OUR IMPACT 2021/2022

Housing, Care & Support

We’re so proud of our residents. So many of them have overcome astounding challenges to move forward with their lives this year.


People called YMCA St Paul’s Group their home.


Meals were served to our residents in our semi-catered accommodation.


People moved on from living with us this year.

Case studies

A Resident's Experience

YMCA Roxeth Gate

A Resident's Experience

One former resident came to the YMCA Ealing common in July 2019. He was referred by Ealing council Specialist Support Team/Homeless Person Department.

He was a single homeless person with multiple needs. His support challenges included needing suitable accommodation, having mental health challenges (severe depression and anxiety), needing support with meaningful use of his time and independent living skills.

Due to his mental health challenges, this resident would often severely clutter his flat, which was most times dirty and presenting health and safety risks. He was so demotivated he slept throughout the days and would not engage with support. He hardly cooked using his money to buy takeaways and thereby accumulated rent arrears and relied on food donations. His personal hygiene was also a concern and most times presented as unkept. He was not interested in education or work.

However, he was supported by staff members in diverse ways including registration with a local GP and a referral to Ealing mental health services. He was encouraged to learn independent living skills such as basic cleaning, cooking, budgeting and payment of his rent. The resident had relapses a few times where staff members had to intervene by working alongside him to declutter his flat. However, he eventually turned the corner and started to keep up with his mental health appointments, keeping his flat and himself clean and cooking basic healthy meals. With improved mental health, the resident found a job and had to start to pay part of his HB rent. He cleared his old arrears and was supported to move into private rental accommodation. At the time of his leaving the YMCA his rent account was in credit.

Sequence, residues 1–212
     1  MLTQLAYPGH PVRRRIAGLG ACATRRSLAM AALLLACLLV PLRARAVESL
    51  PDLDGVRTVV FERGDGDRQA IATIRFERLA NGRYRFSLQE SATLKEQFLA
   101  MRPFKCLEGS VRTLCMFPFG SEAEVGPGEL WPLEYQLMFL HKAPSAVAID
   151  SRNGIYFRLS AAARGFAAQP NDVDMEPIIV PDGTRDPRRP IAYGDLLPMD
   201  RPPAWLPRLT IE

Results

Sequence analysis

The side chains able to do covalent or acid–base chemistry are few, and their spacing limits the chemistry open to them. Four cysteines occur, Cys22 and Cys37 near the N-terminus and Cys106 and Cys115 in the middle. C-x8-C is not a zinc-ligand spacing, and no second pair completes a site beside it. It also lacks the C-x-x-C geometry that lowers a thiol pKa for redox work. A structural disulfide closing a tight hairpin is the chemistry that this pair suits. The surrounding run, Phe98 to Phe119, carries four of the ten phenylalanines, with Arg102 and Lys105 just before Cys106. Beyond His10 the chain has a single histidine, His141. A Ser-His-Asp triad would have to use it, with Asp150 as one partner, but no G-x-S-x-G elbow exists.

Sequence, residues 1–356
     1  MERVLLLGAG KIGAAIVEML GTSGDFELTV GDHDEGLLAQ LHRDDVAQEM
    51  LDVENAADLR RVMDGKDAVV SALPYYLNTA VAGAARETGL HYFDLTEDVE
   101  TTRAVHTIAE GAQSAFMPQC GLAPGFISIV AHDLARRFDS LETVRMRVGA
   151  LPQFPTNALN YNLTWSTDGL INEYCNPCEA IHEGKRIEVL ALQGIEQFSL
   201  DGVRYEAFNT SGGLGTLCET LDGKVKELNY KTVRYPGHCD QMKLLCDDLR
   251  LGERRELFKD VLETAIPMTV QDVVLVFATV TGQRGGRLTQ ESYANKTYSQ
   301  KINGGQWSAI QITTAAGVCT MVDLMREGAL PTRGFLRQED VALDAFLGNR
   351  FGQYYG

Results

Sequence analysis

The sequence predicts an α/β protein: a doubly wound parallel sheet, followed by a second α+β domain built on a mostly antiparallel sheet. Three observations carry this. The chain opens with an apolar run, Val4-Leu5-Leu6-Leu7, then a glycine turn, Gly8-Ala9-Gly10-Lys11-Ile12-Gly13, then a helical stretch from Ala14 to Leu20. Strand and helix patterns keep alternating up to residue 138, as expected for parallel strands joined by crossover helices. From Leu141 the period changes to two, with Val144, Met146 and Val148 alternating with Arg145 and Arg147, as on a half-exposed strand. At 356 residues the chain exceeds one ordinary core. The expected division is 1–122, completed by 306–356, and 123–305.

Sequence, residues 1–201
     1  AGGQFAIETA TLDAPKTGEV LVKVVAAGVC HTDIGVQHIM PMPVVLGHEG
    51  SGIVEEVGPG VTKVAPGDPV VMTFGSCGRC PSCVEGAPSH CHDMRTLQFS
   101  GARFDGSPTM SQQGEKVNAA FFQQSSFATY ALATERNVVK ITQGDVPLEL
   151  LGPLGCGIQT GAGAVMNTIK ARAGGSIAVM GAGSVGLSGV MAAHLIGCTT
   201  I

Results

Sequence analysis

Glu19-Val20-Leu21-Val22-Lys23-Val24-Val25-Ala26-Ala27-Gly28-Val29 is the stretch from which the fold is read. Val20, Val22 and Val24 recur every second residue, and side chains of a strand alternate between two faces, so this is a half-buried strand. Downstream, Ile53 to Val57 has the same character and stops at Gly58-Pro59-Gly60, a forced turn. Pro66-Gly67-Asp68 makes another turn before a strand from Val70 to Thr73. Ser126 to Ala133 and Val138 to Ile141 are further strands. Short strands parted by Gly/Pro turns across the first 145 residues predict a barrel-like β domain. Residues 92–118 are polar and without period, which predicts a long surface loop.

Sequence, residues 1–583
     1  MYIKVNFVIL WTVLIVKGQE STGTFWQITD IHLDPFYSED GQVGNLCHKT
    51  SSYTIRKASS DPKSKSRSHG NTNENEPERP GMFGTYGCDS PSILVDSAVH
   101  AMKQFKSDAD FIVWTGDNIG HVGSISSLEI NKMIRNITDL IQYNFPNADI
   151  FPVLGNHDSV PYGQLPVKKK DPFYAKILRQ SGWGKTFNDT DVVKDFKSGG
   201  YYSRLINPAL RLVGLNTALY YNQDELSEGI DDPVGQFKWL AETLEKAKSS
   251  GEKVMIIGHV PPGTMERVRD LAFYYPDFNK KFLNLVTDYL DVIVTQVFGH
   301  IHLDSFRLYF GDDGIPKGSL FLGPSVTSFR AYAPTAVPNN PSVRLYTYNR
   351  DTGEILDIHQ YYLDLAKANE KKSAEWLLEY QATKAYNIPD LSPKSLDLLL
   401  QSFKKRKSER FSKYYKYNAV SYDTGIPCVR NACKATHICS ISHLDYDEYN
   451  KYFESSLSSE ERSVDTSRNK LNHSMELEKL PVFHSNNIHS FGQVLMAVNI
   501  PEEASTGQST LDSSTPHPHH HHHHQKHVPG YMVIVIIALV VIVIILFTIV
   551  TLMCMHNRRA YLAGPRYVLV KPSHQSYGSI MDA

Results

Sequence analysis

He is in regular contact with the YMCA Ealing common to share his progress with staff members.

YMCA Roxeth Gate

Roxeth Gate, Harrow, is a short-term supported housing scheme where housing and support are provided as an integrated package. The team supports young people aged 16+ and provides targeted and universal support. 

The Housing Support Officers at Roxeth Gate (Hamdi, Verlette and Karl) work continuously supporting residents and working together, blending their individual strengths and becoming a very strong team.

The main housing staff: Hamdi has an amazing memory and is still always learning (currently doing his CIH Level 4); he shares anything of relevance with the team.  Karl is the networker; forging and maintaining vital connections with outside agencies. He’s currently working on a resident-led podcast. Verlette stands out for the kindness and support she offers clients. She is the heart of the team. They are all outstanding individuals, but it’s how they work together that makes the YMCA so impactful.  

They are team players supporting each other with a person-centred approach. They always ensure that the focus is on the needs of the residents. They discuss issues together and reflect on situations, ensuring staff get an understanding from different perspectives.  They care about the residents and this can be seen by their actions.  Recently, RG hosted a number of VIP stakeholders, including Bishop Guli, Church of England’s Bishop for Housing and Bob Blackman MP, Co-Chair of the APPG For Ending Homelessness, ensuring that the voice of the residents were heard and demonstrating the positive impact YMCA has within Harrow and London. The Roxeth Gate Housing team are making a real difference to individuals and the community.

Children, Youth and Family